Fish will be 20-24 congo tetras, 15 columbian tetras or something similar (praecox 'bows?), and maybe 30 or 40 rummies. I'll probably have 4-6 german blue rams or other dwarf chiclids. They probably won't have any trouble getting along in a tank that size. Otos will have algae duty with maybe SAE's, but I worry about them getting too big. I'll probably also go with a school of marble hatchets and a school of small corries to keep all the zones occupied.

Whaddya think? Am I nuts? I'll journal the whole thing here so you can laugh and cry along with me.........

Last edited by BryceM; 03-07-2006 at 05:06 PM..
BryceM is offline   Reply With Quote

Advertisement [Remove Advertisement]
Old 03-07-2006, 05:19 PM   #2 (permalink)
Senior Member
 
dennis's Avatar
 
Join Date: Mar 2004
Location: Leverett, Mass
Posts: 2,988
iTrader Ratings: 47
iTrader Positive Rating: 100%
dennis is a regular member
Default

Soil Master select in the charcoal color for the substrate. Personally open foreground white sand would be especially impressive. I would find a friendly local landscape supply and make repeated trips there to get really nice rock. Then I would spend a lot of time placing the substrate and rocks, lot and lots of rock. I woudl definately not try to do the main hardscape and tank setup all at once. Get the tank in place with the substrate then spend as much time as you need to locate good rock/wood and play with it in the tank dry. Once you figure it out start soaking your wood and making sure your equipment is in order. Don't rush it!!!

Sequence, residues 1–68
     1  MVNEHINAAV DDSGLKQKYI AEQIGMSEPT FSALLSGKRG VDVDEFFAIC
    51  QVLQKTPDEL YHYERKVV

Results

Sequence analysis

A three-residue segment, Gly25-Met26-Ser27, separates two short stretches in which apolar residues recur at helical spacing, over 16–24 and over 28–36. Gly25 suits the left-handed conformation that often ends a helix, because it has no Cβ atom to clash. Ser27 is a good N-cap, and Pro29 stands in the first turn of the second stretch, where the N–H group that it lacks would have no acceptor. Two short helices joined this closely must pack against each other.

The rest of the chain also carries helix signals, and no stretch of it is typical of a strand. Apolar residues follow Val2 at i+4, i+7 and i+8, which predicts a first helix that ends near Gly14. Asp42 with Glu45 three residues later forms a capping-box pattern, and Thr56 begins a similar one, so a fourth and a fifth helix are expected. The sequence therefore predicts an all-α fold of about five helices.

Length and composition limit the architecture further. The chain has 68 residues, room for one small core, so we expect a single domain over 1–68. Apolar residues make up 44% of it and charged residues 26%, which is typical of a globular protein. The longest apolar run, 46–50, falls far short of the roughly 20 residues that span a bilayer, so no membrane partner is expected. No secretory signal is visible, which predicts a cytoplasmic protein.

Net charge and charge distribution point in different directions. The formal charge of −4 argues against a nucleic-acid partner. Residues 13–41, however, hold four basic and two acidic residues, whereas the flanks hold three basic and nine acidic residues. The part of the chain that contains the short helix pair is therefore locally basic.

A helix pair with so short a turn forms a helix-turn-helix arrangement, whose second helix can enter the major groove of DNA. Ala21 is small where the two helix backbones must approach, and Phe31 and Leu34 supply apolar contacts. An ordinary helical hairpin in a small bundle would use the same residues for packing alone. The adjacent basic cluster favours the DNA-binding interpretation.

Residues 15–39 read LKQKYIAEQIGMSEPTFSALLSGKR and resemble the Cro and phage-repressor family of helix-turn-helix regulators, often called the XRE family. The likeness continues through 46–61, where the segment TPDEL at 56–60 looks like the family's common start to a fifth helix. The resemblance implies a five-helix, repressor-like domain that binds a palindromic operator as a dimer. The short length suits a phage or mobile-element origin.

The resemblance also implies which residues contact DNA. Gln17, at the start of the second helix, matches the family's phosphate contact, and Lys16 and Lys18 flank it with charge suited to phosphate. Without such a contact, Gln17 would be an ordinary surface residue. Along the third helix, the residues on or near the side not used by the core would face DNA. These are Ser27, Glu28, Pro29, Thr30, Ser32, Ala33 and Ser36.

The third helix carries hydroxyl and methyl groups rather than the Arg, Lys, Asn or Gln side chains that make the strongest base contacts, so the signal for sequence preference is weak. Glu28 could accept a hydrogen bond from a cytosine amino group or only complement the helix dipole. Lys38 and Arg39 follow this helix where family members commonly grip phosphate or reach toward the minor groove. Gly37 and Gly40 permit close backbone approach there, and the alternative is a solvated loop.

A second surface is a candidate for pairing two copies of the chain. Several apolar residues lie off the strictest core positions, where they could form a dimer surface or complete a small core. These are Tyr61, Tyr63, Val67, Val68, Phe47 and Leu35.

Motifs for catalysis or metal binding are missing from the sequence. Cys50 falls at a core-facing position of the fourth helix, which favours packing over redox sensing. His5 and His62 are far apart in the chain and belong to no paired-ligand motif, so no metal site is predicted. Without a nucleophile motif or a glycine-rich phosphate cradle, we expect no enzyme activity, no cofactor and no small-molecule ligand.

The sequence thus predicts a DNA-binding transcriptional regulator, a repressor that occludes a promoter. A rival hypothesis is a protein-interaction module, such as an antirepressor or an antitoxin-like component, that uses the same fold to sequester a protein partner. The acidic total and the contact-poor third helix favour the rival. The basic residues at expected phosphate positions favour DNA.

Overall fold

Just my first idea anyway

Sounds like a fun project!
dennis is offline   Reply With Quote
Old 03-07-2006, 06:34 PM   #3 (permalink)
Senior Member
 
raven_wilde's Avatar
 
Join Date: Nov 2005
Location: Michigan
Posts: 379
iTrader Ratings: 0
raven_wilde is a regular member
Default

please, do continue to journal this, so that I may live vicariously my dream setup
raven_wilde is offline   Reply With Quote
 
Old 04-03-2006, 04:18 PM   #4 (permalink)
Senior Member
 
standoyo's Avatar
 
Join Date: Aug 2005
Location: kuala lumpur, malaysia
Posts: 488
iTrader Ratings: 0
standoyo is a regular member
Default

yes yes...more more! [munching chips]
standoyo is offline   Reply With Quote
Old 04-03-2006, 05:40 PM   #5 (permalink)
Senior Member
 
BryceM's Avatar
 
Join Date: Nov 2005
Location: South Central Idaho, USA
Posts: 4,332
iTrader Ratings: 42
iTrader Positive Rating: 100%
BryceM is an inspiration to us all BryceM is an inspiration to us all BryceM is an inspiration to us all BryceM is an inspiration to us all
Default

Well, you're all going to have to wait a few months. I'm moving at the end of June and I'd like to get the tank for the new house shortly thereafter.

I'm trying to decide between a 180g (6x2x2) and a 240g (8x2x2). I think the 8 footer might be a little too long to create a cohesive aquascape. I'm currently inclined toward the 180 - if that's not big enough, it's likely that nothing ever will be. It will be easier to move and $$ for lighting will be a little less.

I've settled on charcoal soilmaster select for substrate. I'm thinking of a PVC spraybars that extend across the back wall just above the substrate for the water return. I'll probably use a DIY PVC reactor. I'm toying with the idea of a reef-ready tank that will have the black bulkheads to hide some of the piping.

I'd really like some input on the design of the plumbing. Simplicity of WC's is an absolute necessity at this scale. I'll probably stick with 2 Eheims (maybe thermo units) for filtration with maybe a separate pump for the reactor, UV, & supplemental circulation. This sounds like a lot of plumbing though. I'd kind of like to limit how many things come in and out of the tank, and I'd like to make sure that the CO2 is evenly distributed around the tank. I'm not really excited about the aesthetics of CO2 mist at this point. Maybe 1 intake & 3 returns???? There must be a more elegant way.